What Do Edgar Wright's Films Teach Us About Comedy? Use Cinematography!
What's the single greatest distinguishing characteristic of comedies? That they're meant to be funny, right? However, some of you might've felt as though the comedies of the last several years have been a bit lacking in laughs, perhaps due to a lethargic approach to comedic filmmaking. No, I'm not talking about the writing. I'm talking about an aspect of filmmaking that seems to be one of the most ignored in comedies: cinematography. Tony Zhou, who brought us that great video on the "Spielberg Oner", talks all about this in a fun and informative video essay, which not only celebrates the work of director Edgar Wright, but explores how he uses cinematography to take advantage of as many comedic opportunities to as possible. If you're working on a comedy right now, you'll definitely want to take a look at this!
Let's start out by saying this: there's no right or wrong way to be funny. Everybody has different tastes, and what might be hilarious to one person might completely miss the mark on someone else. In fact, you may not think Edgar Wrights films, such as Shaun of the Dead, Hot Fuzz, and The World's End, are all that funny to begin with. However, the point in Tony Zhou's essay is this: there are so many opportunities to cash in on a potentially comedic situation -- many of which are ignored by filmmakers making comedies today.
Edgar Wright, however, takes advantage of seemingly mundane cinematic devices , like transitional sequences and exposition scenes, and pulls as much comedy out of it (or puts as much in) as he can. He leaves no comedic stone unturned! Zhou shares a bunch of great examples of contemporary films and TV shows that do take advantage of these devices using cinematography, like Arrested Development, Django Unchained, and even Jaws (even though that's not really a comedy -- though it does have funny moments). However, he also compares them with films and shows that don't, which really hits home how much comedic real estate exists in any given project.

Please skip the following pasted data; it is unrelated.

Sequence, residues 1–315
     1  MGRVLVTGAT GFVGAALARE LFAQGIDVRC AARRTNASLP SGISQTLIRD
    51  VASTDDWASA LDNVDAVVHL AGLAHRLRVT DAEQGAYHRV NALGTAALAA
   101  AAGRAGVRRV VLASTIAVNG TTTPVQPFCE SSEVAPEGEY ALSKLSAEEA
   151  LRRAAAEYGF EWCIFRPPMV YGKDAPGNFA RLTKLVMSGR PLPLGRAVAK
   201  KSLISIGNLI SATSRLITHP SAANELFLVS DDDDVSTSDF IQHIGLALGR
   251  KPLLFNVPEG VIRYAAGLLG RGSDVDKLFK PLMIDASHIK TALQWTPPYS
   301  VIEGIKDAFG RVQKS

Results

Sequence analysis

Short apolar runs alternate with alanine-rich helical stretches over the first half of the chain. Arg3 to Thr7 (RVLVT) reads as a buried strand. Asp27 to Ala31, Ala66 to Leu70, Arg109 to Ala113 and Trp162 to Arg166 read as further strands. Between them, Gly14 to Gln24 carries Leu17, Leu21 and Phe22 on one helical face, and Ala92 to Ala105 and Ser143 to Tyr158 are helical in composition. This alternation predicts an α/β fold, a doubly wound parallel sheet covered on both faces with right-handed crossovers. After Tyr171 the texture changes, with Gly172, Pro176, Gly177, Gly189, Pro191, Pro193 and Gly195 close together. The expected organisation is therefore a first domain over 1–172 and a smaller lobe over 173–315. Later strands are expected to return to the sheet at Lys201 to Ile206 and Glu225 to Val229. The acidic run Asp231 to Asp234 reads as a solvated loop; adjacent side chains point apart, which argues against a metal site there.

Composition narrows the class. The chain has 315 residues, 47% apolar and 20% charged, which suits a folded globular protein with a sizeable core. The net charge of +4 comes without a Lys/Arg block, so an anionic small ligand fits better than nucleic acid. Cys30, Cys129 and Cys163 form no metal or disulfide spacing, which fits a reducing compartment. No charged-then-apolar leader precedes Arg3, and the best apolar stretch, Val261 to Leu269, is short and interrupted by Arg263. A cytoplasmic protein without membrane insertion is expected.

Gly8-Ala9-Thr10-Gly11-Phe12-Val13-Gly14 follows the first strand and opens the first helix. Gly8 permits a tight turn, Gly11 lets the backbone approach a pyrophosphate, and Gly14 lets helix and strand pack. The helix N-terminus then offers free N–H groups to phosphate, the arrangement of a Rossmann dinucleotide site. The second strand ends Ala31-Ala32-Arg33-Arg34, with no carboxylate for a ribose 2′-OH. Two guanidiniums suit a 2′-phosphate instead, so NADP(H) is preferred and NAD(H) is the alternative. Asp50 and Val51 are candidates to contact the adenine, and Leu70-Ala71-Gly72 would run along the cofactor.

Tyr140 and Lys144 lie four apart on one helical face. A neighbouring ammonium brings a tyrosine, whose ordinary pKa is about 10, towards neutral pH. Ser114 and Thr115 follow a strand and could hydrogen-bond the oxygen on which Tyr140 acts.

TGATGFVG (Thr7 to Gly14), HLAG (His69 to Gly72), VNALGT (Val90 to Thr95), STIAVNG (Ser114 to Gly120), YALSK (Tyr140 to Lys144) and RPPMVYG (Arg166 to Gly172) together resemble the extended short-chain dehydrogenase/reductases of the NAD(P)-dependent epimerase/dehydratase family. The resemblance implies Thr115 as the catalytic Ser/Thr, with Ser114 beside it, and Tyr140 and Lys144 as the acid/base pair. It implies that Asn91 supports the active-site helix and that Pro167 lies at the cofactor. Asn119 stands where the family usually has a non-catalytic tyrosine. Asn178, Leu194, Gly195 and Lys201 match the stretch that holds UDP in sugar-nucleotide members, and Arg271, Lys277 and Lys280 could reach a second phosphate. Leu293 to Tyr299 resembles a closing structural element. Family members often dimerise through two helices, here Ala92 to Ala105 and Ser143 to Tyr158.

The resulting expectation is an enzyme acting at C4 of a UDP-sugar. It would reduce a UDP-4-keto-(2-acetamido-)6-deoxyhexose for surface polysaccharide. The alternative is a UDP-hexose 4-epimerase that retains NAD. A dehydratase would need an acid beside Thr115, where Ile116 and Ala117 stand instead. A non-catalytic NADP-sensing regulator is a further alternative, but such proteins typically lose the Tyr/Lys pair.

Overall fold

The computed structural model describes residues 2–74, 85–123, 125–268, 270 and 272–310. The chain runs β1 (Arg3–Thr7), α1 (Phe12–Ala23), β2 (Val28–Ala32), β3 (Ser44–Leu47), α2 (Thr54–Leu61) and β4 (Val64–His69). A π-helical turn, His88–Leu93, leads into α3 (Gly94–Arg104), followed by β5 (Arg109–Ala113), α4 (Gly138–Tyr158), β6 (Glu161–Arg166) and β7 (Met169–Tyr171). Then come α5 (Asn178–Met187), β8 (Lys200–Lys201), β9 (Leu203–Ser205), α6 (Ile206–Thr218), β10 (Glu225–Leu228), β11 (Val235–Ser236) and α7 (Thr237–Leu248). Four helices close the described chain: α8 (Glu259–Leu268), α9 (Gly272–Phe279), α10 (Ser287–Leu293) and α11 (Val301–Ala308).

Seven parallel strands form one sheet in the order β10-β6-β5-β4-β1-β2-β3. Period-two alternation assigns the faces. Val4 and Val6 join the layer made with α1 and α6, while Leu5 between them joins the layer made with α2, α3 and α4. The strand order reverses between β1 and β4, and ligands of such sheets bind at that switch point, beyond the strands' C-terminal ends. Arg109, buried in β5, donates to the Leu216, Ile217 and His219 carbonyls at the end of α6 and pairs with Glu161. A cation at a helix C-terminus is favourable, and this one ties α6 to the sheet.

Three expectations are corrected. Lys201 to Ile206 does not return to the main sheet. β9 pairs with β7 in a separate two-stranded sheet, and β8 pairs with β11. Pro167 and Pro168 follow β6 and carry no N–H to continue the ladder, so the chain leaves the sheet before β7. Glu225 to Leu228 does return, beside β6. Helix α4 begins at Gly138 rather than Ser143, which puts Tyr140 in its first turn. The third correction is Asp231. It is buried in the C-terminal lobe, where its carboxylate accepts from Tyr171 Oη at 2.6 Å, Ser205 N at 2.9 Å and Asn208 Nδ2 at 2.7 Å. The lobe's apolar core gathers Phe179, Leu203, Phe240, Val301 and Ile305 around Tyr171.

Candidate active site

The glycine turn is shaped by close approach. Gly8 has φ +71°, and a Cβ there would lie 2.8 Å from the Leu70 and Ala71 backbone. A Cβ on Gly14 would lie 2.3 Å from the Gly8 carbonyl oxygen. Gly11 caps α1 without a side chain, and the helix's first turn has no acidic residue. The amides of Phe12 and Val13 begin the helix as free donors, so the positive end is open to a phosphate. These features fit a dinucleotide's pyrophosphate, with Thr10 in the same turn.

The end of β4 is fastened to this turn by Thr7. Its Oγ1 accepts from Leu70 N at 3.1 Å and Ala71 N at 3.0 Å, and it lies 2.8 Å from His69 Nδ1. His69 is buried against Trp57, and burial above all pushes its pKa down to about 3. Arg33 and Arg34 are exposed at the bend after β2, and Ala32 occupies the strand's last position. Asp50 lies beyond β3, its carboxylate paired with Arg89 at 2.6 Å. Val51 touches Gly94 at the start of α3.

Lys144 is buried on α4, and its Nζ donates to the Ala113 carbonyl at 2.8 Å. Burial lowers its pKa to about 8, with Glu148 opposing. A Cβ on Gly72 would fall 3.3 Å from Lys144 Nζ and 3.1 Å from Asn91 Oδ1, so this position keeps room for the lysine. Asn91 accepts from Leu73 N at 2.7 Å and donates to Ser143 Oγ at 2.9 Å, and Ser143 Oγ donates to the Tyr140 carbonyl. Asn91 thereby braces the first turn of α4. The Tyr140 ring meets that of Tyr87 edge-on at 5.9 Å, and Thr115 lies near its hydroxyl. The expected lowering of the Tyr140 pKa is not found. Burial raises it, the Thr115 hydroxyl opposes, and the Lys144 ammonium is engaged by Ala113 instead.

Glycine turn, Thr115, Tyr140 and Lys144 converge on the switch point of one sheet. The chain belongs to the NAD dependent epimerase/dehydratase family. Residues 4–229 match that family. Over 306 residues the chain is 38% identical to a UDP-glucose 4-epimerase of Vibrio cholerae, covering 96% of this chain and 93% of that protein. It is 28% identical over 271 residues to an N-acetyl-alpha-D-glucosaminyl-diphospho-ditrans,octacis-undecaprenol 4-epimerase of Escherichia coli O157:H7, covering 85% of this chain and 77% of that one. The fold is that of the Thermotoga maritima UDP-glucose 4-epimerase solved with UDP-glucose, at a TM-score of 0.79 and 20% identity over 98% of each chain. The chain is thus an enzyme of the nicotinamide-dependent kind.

So, take a look at Zhou's video essay below. Just remember, it's not about whether you think Wright's films are funny. It's about asking yourself if you're utilizing all of the opportunities within your film to make your audience laugh. (That doesn't mean cracking a joke ever 2.2 seconds -- it's just about being aware of the potential.) Also, ask yourself if you could be using more cinematographic moves, whether that means camera movement, mise-en-scène, lighting, etc, to get your audience chuckling.
You may decide that the brand of comedy you want to create doesn't lean heavily on cinematography. Woody Allen's films, in my opinion, relied much more on dialog than cinematography, and his films are hilarious! So, like I said, there are many flavors of funny. However, if you do want to implement more visual and physical comedy into your films, Edgar Wright is a great director to analyze.
What do you think about Tony Zhou's video essay? Do you have any tips on using cinematography in a comedic way? What are some examples of filmmakers or individual films that would be good to study to learn how to do this? (Off the top of my head, I suggest Wes Anderson.)